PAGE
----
Review of Norwegian Dawn two-week round trip cruise from Boston to Quebec,
October 5-19, 2012
This was an extremely disappointing cruise, given the many beautiful ports-of-call offered. I take partial responsibility for the poor experience: I booked this cruise for my wife and me as a relative bargain through an agency I had used successfully before. They failed me this time.
First, the highlights of this mixed experience: The autumn colors were spectacular. New Brunswick, New Foundland, and Bar Harbor sights, in particular, offered a wonderful display of mountains and turning leaves. Quebec City is quaint and historic, and worth a trip by itself. We only had a day there, however.
Canadians everywhere greeted us warmly, provided helpful directions, and made us feel welcome. We experienced no problems with money exchanges, credit card acceptance, or red tape.
Entertainment aboard the ship was usually very good. Ship entertainers Jose and Patti and Ariel Jacobe delivered a wide range of music favorites from the sixties to the nineties, and performed equally well in different venues from an intimate bar area to the large Stardust Theater. The ship imported excellent outside entertainment groups, especially the Second City comedy troupe, who nailed every rehearsed and spontaneous performance.
The much-hyped Freestyle Cruising means you sit wherever you want at dinner, and you needn't gussy up in suits and ties and dresses for a table in the dining rooms. That's a plus. The ability to make dining reservations creates an added benefit.
Several guest relations officials actually tried to help us find an acceptable room. (No luck, but we appreciated their efforts.)
I won $100 playing roulette at the casino.
Now, the reasons we will never, ever again, sail with Norwegian:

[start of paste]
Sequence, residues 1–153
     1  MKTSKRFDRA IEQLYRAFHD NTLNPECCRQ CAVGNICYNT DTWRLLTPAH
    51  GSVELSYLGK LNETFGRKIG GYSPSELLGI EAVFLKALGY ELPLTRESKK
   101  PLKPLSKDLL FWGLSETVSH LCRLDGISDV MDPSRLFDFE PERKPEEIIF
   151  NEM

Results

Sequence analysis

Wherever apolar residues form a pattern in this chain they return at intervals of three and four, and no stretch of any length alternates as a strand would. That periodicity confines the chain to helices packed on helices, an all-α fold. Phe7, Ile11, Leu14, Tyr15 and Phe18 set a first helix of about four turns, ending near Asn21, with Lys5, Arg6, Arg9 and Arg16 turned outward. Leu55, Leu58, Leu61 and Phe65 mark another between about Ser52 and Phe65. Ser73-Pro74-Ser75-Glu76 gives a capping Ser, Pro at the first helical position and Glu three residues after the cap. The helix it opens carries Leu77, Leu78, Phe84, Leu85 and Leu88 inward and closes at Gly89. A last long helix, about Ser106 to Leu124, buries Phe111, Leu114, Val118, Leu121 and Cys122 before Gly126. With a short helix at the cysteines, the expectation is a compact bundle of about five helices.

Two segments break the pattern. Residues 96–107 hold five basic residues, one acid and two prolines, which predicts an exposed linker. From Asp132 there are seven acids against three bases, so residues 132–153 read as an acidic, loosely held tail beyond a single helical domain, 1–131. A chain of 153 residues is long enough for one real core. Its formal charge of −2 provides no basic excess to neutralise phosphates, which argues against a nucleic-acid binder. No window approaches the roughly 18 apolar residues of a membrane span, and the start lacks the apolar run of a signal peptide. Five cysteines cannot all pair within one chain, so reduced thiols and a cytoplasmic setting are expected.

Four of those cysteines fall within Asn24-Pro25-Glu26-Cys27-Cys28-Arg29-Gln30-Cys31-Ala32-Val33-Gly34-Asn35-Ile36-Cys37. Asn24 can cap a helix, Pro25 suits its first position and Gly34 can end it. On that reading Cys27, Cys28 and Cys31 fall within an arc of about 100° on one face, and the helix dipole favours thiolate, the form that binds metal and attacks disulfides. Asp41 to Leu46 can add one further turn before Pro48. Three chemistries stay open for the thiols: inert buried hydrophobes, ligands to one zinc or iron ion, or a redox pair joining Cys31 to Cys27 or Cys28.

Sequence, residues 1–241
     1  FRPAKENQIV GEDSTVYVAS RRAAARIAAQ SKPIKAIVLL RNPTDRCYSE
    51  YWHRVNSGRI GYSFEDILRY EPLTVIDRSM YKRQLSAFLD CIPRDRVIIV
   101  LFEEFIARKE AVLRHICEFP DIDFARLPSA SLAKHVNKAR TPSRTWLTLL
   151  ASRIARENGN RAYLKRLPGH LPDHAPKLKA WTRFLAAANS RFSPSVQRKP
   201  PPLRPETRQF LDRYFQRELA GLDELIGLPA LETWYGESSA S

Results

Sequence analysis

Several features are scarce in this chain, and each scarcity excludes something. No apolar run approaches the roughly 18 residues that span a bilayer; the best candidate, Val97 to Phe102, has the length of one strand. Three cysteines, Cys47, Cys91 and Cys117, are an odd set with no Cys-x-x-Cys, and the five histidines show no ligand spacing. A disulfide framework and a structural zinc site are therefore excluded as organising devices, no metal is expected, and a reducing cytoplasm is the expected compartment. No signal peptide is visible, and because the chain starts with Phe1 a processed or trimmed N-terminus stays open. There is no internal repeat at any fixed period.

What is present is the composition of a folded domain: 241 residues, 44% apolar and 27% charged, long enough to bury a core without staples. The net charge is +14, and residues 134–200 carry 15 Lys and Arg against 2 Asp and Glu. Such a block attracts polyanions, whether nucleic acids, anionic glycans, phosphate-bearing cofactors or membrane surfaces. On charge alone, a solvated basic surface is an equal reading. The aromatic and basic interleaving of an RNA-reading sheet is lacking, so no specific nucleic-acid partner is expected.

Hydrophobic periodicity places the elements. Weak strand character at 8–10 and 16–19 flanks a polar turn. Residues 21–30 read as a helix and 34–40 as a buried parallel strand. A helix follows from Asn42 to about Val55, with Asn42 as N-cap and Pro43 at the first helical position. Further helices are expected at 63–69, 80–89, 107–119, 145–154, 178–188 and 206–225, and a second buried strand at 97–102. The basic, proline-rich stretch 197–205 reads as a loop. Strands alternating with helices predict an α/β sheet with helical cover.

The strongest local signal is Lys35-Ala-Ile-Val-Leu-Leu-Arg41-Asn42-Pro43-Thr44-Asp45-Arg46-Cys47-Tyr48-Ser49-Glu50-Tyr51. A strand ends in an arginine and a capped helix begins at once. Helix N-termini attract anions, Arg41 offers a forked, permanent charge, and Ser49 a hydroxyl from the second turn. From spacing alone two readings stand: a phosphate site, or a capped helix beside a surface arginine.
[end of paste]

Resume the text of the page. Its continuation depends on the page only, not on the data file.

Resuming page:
1) We were crammed into a small, crowded, noisy cabin with a porthole--not the window room we expected from our communication with EO or Norwegian. Compounding our misery, the room sat far forward, so we caught every bump along the way, and there were many. The first night, a telephone in the next room rang eight times every four minutes, from 11 pm to 3 am. As we learned later, that room was used for storage. Sleeping late was also out of the question. When the ship docked, front end motors kicked in, or the anchor chain went down, and the noise jolted us awake. I remember thinking, "So THIS is hell!" We tried desperately to buy an upgrade to a decent room, but none was available. The guest relations staff offered us virtually the same crowded, forward room one floor up. We declined, as we didn't want to repack and unpack to live in the same conditions.
2) The name Norwegian signifies a brand; it has nothing to do with the nationality of the ship, as a vast majority of the supervisors, servers and guest relations personnel are Filipino. We estimated that at best, 60 percent of them spoke understandable English. That two-out-of-five crew members spoke minimal English led to many communication problems. We often stopped a conversation by saying: "I do not understand what you are saying." This happened even at the Guest Relations Desk.
3) Communication throughout the Norwegian Dawn remained inconsistent. Guests couldn't depend on the "Freestyle Daily," the ship's newsletter, for accuracy. The newsletter incorrectly printed times, venues, and other basic information in every issue. For example, the Casino seldom opened when the newsletter said it would. The newsletter hyped a free liquor-tasting in the gift shop at six pm; the gift shop opened at eight. As for the room television information, that, too sent mixed messages. And finding the outside temperature posed a challenge. On one channel, the temperature streamed quickly across the top of the screen every five minutes. Why wasn't it posted constantly on the home page? Overall, mixed, poor, communication in an organization constitutes a management problem, and the Norwegian Dawn has a serious management problem, in my opinion.